5441821 W/Sgt. Jackson R.N

Discussion in 'General' started by chingoo, Nov 19, 2013.

  1. chingoo

    chingoo Active Member

    Would like to share this for interest.

    Last summer I decided to research my Grandfather's military history. He sadly died 21 years ago when I was 9. He rarely spoke of his time in the war, mainly because my grandmother didn't like to talk about it. The result was that little was known by my aunt, uncle and mother. He had talked a little to my father (who had served in the TA in the 80's) but again the stories were limited. We knew he was Ack-Ack and that he had been in NW Europe post D-day. Stories of coming ashore a few days after D-day, going into Holland and crossing the Rhine were all that were known.

    Luckily, one document that the family still had was his Record of Service.

    Record of Service.jpg

    From this I could see that he had served in DCLI, Royal Sussex and RA with his service in NWE coming while in the RA. Obviously the RA is huge with many LAA regts so it would have been impossible to know which part he served with. I went ahead and ordered his military record from the MOD but was aware this could take up to a year. I wanted to keep looking for myself and see if I could solve the mystery while I waited.

    I was incredibly lucky though. The 7th Battalion of the Royal Sussex was reformed in 1942 into a LAA unit in the RA. This regt was the 109 (Royal Sussex) LAA, RA. Could this be the regiment my grandfather ended up in? There was no way of knowing for sure but I looked at where they served and the pieces started to fit. I decided to order the War Diaries of the 109 from a member of this forum (thanks Andy) in the hope that I would find his name somewhere in the documents. I went through every page of the records from 1942-46. There was only one mention of "Jackson" in all the pages, but it was enough to give me hope that I was on the right track.

    July 1944 hit record.jpg

    I had another stroke of luck through this forum. Back in 2009 a member (who unfortunately is now inactive) posted a thread about a load of bits he had been given by a captain of the 109. He uploaded some of the pictures, including this one of 357 bty, "C" troop.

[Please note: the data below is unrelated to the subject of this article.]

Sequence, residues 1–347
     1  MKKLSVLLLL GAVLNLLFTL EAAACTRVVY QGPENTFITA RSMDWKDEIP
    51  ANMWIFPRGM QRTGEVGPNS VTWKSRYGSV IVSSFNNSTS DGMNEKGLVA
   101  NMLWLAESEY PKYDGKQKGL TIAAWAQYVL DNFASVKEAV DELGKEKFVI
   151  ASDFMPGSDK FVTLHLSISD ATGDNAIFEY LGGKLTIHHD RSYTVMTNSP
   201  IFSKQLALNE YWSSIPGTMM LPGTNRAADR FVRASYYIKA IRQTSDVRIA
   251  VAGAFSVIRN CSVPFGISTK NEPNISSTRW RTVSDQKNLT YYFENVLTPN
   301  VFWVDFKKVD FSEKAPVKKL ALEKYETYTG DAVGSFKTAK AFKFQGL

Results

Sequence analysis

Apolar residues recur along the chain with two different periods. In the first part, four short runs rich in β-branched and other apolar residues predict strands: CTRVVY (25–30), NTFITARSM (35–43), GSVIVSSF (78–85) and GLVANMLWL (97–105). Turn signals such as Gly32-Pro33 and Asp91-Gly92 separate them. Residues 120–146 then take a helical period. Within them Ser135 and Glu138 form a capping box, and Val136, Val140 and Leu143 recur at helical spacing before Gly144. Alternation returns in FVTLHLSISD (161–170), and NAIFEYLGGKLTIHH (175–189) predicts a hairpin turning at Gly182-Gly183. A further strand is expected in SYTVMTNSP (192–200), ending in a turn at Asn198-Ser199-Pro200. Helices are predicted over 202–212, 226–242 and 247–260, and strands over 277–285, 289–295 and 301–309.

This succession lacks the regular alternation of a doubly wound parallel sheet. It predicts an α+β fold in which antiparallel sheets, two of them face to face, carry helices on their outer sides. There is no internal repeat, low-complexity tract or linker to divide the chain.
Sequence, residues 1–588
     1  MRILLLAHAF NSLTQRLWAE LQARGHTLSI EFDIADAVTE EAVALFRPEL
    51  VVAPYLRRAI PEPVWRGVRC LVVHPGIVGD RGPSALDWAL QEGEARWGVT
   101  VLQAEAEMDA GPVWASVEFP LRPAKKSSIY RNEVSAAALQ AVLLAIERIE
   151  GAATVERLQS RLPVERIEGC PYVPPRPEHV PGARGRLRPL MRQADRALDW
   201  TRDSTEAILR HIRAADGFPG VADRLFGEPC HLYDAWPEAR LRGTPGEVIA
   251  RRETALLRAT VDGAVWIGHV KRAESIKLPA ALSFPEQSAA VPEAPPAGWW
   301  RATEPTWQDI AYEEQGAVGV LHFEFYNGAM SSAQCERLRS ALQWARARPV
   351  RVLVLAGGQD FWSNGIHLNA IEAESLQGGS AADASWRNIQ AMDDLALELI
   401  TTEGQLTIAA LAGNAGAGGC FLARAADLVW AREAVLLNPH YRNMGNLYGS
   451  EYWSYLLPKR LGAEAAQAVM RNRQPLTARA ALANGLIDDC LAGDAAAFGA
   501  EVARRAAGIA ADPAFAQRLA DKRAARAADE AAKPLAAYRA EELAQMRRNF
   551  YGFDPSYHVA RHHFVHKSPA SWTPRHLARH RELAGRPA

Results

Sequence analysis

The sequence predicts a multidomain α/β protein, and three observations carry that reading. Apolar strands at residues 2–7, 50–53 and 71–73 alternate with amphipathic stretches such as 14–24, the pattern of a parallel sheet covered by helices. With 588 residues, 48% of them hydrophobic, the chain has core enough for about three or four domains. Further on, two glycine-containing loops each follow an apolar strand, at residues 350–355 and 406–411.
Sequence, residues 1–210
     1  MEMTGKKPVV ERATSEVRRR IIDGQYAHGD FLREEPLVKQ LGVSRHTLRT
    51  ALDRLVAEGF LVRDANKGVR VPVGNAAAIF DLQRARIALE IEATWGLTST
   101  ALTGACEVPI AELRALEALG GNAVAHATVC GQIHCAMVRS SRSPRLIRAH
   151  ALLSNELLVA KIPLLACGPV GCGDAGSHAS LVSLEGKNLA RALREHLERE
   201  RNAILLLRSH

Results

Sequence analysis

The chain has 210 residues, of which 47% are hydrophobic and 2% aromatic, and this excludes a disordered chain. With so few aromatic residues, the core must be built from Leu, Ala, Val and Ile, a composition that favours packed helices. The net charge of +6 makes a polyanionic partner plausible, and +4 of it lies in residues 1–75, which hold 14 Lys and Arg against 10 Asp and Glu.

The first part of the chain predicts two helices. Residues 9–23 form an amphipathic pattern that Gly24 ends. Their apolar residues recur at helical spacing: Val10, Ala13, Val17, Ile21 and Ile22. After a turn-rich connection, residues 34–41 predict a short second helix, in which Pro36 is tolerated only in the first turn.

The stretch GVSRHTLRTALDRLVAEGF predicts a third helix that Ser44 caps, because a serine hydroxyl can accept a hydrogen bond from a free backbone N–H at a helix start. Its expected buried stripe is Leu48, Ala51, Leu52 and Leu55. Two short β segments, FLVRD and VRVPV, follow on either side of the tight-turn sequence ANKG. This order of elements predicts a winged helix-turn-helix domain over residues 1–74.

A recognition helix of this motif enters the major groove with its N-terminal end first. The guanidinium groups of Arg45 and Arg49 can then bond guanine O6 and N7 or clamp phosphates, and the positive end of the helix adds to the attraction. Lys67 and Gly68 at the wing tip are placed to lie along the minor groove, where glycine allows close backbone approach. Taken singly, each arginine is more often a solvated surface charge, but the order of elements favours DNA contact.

Starting on the bottom left and moving through the ranks I searched for a familiar face. I thought the chances of actually seeing my grandfather were close to impossible. As I looked at each face I felt the hope fade until, with 2 faces left, I recognised someone. My heart was pounding at the thought I had found my grandfather. I emailed the picture to my sister, cousins, father and mother and asked them all if they recognised someone. They all picked out the same face.

    Granddad Jackson.jpg

    I knew my grandfather in his 70s and the man in the picture was in his 20s. The characteristics were there but I still couldn't be sure. I knew the only way to confirm it was to wait for the records to come back from the MOD. But I had the bug and wanted to continue looking into the war diaries and map his campaign through Europe, which I did! (but that is for another post).

    Today, much faster than I thought (but still a few months on), I received the military records from the MOD. With heart pounding again I opened up the documents. This was one of the first pages I looked at, and on the top right corner it had the proof I had been looking for.

    Service and Casualty Form.jpg

    So I knew he was in the 109. A huge relief! But I had a nice bit of extra proof that the man in the picture was in fact my grandfather, and also the history I had researched (357 bty) was correct.

    Notification of impending release.jpg

    The stamp on the right hand side clearly states "357 bty". And for me that was the final piece of the puzzle.

    I am still going through the war diaries and piecing together his campaign but one thing we do know, is that while in Normandy he was tasked with airfield protection for 2TAF. Every year my father, myself and a group of enthusiasts make the journey to Arromanches for June 6. Next year I hope to go to the village where the first airfield my grandfather protected with his 40mm bofors was, Le Fresne Camilly.

    I got some great help form people from this site and wanted to say thank you. I've loved every second of unravelling the mystery of my grandfathers history.

    Thanks for reading,

  2. Tricky Dicky

    Tricky Dicky Don'tre member

    Well done with your research - although he would not tell you the trail was always there
  3. chingoo

    chingoo Active Member

    I was lucky that all the pieces were there. I know some people get the records and find no answers. But it was a fun ride none-the-less. The war diaries are taking a long time to decipher but i have got up to december 1944 so far. Even found out exactly where he crossed the Rhine. Hoping to put all that info together and posting it when it is done.

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